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Chinese Mustard – Growers' Guide

Chinese Mustard' Guide

Chinese Mustard

Season
Can growth all year in high land, Best winter temperature (22-25 C).

Soil
Loam, clay loam, good irrigation, pH 6.0-6.5 To plough the soil with dry sun 7-10 days To plough the soil deep 20-30 cm. Additional manure rate 1.5-2.0 ton/rai fertilizer 13-13-21 rate 30-40 Kg./Rai soil to cover up plot wide 120 cm. high 25-30 cm., Use straw or plastic to cover up step end.

Agriculture
Transplant sprout 20-25 days, open water in to plot, planted space 35-45 x 35-45 cm. 2 row / plot.

Fertilizer
Cabbage want high Nitrogen and Potassium Fertilizer ( 46-0-0, 21-0-0 ) rate 40-50 Kg./ rai
1. After transplant 7-10 days formula 46-0-0 or 21-0-0 rate 20-25 Kg./rai
2. After transplant 35-40 days formula 46-0-0 or 21-0-0 rate 20-25 Kg./rai + Boron and Molydenum additional Fertilizer 13-13-21 or 14-14-21 rate 70-120 Kg./rai
1. With plough formula 13-13-21 or 14-14-21 rate 20-40 Kg./Rai
2. After transplant 15-20 days formula 13-13-21 or 14-14-21 rate 25-40 Kg./Rai
3. After transplant 35-40 days formula 13-13-21 or 14-14-21 rate 25-40 Kg./Rai

Disease Important
1. Downy Mildew 2. Tip Burn 3. Leaf Spot 4. Turnip Mosaic
Insect Important: Worm

Maturity
estimate 50-60 days

CHINESE MUSTARD FACTS: Brassicaceae, also called Cruciferae, the mustard family, of the caper order (Capparales), a large assemblage of 350 genera of mostly herbaceous plants with peppery-flavoured leaves. The family includes many plants of economic importance that have been extensively altered and domesticated by humans. The members' flowers are in the form of a Greek cross, with four petals, usually white, yellow, or lavender, and an equal number of sepals. There are four long and two short stamens and a two-chambered ovary positioned above the other flower parts. The seeds are produced in podlike fruits and often have a mucilaginous coating that swells when wetted.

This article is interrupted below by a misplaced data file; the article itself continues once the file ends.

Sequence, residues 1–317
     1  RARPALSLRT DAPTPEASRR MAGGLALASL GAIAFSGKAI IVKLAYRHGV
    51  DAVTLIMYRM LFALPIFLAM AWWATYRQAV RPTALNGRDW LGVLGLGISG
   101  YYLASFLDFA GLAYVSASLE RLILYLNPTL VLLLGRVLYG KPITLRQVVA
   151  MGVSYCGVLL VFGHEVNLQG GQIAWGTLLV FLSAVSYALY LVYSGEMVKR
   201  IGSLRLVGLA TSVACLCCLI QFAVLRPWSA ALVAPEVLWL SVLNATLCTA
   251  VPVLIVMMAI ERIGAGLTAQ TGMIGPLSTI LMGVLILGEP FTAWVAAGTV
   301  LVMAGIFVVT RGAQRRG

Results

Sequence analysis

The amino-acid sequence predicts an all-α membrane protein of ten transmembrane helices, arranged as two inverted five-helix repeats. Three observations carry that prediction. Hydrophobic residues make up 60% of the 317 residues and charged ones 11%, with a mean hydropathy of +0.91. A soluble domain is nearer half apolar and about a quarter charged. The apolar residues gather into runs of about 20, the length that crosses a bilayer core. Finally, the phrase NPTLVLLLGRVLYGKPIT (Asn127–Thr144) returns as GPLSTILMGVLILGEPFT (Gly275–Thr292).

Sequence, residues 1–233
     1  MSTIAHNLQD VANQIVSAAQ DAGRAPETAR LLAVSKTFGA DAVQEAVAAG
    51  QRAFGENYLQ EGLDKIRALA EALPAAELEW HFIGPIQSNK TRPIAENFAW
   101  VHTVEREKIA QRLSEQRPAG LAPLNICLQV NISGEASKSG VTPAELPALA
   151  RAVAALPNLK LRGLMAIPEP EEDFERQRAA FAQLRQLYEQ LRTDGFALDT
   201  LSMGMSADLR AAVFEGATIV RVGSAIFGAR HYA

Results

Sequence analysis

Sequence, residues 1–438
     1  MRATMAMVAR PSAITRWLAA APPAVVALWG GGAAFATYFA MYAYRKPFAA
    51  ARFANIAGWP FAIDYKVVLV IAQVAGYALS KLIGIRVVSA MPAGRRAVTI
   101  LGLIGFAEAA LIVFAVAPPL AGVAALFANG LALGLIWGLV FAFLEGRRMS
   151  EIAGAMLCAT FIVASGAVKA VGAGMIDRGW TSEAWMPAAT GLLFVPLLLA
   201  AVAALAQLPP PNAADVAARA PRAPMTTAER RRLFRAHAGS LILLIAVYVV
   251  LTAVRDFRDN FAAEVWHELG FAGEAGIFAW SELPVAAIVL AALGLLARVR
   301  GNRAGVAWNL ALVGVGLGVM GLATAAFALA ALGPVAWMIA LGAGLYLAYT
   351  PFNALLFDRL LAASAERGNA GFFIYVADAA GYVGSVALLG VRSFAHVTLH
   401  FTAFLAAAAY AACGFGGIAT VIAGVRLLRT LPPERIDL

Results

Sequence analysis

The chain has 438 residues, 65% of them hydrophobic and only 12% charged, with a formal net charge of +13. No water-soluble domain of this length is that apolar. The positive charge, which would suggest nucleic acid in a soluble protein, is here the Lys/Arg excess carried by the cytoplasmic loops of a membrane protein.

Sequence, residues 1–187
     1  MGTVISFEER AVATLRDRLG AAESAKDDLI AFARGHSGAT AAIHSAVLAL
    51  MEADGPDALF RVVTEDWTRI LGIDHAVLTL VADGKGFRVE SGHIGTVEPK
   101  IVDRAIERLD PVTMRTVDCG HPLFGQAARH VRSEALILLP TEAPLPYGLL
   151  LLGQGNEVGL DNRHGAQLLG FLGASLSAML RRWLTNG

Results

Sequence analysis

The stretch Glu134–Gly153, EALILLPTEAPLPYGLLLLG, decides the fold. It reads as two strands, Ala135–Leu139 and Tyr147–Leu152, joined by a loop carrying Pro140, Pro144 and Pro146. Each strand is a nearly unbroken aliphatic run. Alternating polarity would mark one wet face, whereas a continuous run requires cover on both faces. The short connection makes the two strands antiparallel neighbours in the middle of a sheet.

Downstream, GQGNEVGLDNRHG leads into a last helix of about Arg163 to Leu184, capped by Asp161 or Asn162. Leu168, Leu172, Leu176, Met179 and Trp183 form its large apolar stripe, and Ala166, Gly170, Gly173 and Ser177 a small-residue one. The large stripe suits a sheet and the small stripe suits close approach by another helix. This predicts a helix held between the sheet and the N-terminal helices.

The most important genus is Brassica, with about 40 Old World species and including the cabbages, mustards, and rapes. One species, B. oleracea, has many edible varieties, such as broccoli, Brussels sprouts, cabbage, cauliflower, kale, and kohlrabi. B. rapa is the turnip, and B. napobrassica is the Swedish turnip, or rutabaga. B. napus isthe rape plant. The leaves of B. napus are used in salads and for cattle forage, and the seeds are added to birdseed mixtures and also are pressed for canola oil. The species B. pekinensis and B. chinensis are Chinese cabbage. The seeds of B. juncea are the source of the condiment mustard. Oil is derived from the seeds of B. campestris (sometimes considered B. rapa), B. hirta, and B. juncea. Black mustard (B. nigra) seeds were formerly another source of table mustard. The plant, native in Eurasia and naturalized in North America, is a widespread weed.
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